Life lessons from Jane Eyre

Has anyone seen the new Jane Eyre film?  I sneaked off with my mother-in-law last week, knowing there was no chance of persuading the husband to join me.  I loved it, and it made me want to reread the book which is even better.

You probably didn’t expect a piece of 19th century fiction to sit in the mix with my personal recollections as I travel the world.  But it’s got me thinking again about stories and why they matter, and what makes the good ones good.

Already in writing this blog I’ve come across the challenge of finding actual stories to tell, rather than ‘here’s another cool person doing cool stuff in a difficult place’.  I could do that in a single photo gallery, and I doubt it would do much for you.  But it’s actually stories that excite me most, the journey that you go on with someone.  When a story is good it moves somewhere, and moves you somewhere, through some kind of obstacle or difficulty to a better place, maybe even a place of reconciliation, harmony, restoration.  Whatever you do once you’re out the other end, and however you felt about the journey, you’ve been moved somewhere, through someone else’s experience, and it takes you to a new place of possibility. Through the story, there has been change – whether external, or internal, or (hopefully) both.  And I think the more profound the internal change, the more satisfying the story. I read a great book about that once, called The Seven Basic Plots: Why we tell stories (it’s very long, and actually I’m not sure I’ve finished the last chapter).

Now there are limitations on how much of that you can do in a blog.  There’s something of the snapshot about it, but I think the good ones are the ones that manage to take you on that journey. And my challenge is to somehow put into brief written form the journey I’ve been taken on by people.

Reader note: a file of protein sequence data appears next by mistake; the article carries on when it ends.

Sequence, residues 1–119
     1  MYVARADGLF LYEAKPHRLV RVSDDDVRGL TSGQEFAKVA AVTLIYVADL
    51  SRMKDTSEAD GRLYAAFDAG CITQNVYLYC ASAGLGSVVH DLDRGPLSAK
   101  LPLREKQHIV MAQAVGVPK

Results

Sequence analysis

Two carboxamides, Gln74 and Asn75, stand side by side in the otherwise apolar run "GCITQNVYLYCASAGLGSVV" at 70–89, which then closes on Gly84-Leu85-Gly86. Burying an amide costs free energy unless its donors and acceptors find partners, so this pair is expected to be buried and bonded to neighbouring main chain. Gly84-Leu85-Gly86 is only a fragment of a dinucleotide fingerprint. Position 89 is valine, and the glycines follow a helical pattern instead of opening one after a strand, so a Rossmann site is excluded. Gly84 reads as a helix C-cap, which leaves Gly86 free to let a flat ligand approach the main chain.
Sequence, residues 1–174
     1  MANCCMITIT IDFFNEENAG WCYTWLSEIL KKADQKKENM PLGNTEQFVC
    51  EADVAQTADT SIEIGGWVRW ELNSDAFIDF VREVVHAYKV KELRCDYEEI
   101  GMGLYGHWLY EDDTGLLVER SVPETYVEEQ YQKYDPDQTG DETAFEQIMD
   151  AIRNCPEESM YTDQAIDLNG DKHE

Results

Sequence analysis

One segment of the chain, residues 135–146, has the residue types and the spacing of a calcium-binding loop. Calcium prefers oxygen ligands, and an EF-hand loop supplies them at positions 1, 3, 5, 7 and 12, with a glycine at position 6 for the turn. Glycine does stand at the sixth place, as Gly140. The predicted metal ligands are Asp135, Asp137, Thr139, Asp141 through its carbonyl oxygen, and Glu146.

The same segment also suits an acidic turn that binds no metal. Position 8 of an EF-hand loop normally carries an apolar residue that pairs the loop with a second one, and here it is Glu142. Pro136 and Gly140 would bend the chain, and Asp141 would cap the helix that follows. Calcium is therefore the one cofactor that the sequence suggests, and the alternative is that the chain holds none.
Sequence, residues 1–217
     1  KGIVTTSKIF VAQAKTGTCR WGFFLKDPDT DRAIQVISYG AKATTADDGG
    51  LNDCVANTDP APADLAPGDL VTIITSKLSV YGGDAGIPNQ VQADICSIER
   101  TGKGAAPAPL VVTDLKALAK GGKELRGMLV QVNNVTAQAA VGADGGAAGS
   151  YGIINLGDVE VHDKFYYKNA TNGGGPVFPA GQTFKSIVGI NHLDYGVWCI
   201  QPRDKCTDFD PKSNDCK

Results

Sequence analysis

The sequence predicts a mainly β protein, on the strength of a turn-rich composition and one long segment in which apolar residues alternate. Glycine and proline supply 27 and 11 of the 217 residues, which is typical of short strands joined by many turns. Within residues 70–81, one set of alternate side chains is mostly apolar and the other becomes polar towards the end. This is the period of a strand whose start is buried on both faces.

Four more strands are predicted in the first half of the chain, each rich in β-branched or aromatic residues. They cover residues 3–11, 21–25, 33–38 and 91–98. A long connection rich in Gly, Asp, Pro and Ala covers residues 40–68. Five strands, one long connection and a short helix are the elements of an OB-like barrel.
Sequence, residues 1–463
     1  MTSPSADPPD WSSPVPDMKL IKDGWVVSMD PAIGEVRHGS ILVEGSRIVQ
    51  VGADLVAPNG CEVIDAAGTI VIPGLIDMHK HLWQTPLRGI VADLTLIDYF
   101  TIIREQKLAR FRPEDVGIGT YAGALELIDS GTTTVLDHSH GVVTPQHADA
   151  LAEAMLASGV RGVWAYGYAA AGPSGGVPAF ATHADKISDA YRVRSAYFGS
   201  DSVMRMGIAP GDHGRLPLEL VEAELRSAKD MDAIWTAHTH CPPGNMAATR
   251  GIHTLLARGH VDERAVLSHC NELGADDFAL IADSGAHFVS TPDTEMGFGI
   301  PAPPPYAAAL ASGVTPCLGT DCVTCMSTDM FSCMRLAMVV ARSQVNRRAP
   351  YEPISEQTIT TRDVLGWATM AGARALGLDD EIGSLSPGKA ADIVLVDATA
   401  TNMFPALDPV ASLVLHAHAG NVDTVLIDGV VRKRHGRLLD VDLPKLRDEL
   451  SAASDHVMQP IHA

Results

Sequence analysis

Which is why I love Jane Eyre, fictional as it is (but truthful none the less).   Here is the story of someone who journeys into the world, encounters evil and tragedy, but who holds onto integrity even to the point of giving up the thing she treasures most…and then is transformed in the process (as is the object of her love) and therefore reaches a more profound place of wholeness, reconciliation and hope.  I love the strength and passion of the woman and her choices, and that in the midst of all her hardwork and struggle, she doesn’t lose who she is.

It still leaves the question of what possibilities that journey opens up for me, what possibility of change I can see now after rereading it.  And I think this is where it lands me:  That circumstances don’t have to diminish me or make me less of what I am.

Anyone else with a life lesson to share from Jane Eyre?


One response

  1. I love the symmetry of what she’s received in powerlessness and what she then finds herself giving when she is in a position of power over someone; Adele. She’s a heroine because she refuses to allow her past pain to harden her but rather to shape compassion in her, which I think is the stark choice that, like it or no, we all face throughout our lifetimes. And I especially love her faith in God, how it gives her that core steel of identity and self-respect which transforms Rochester’s bitterness into gratitude as he sees God’s grace in the choices that separated them, (although I’ve yet to watch an adaptation that brings that element out). Reminds me of Rembrandt’s Simeon; the blind man gets to see what the seeing man couldn’t imagine.

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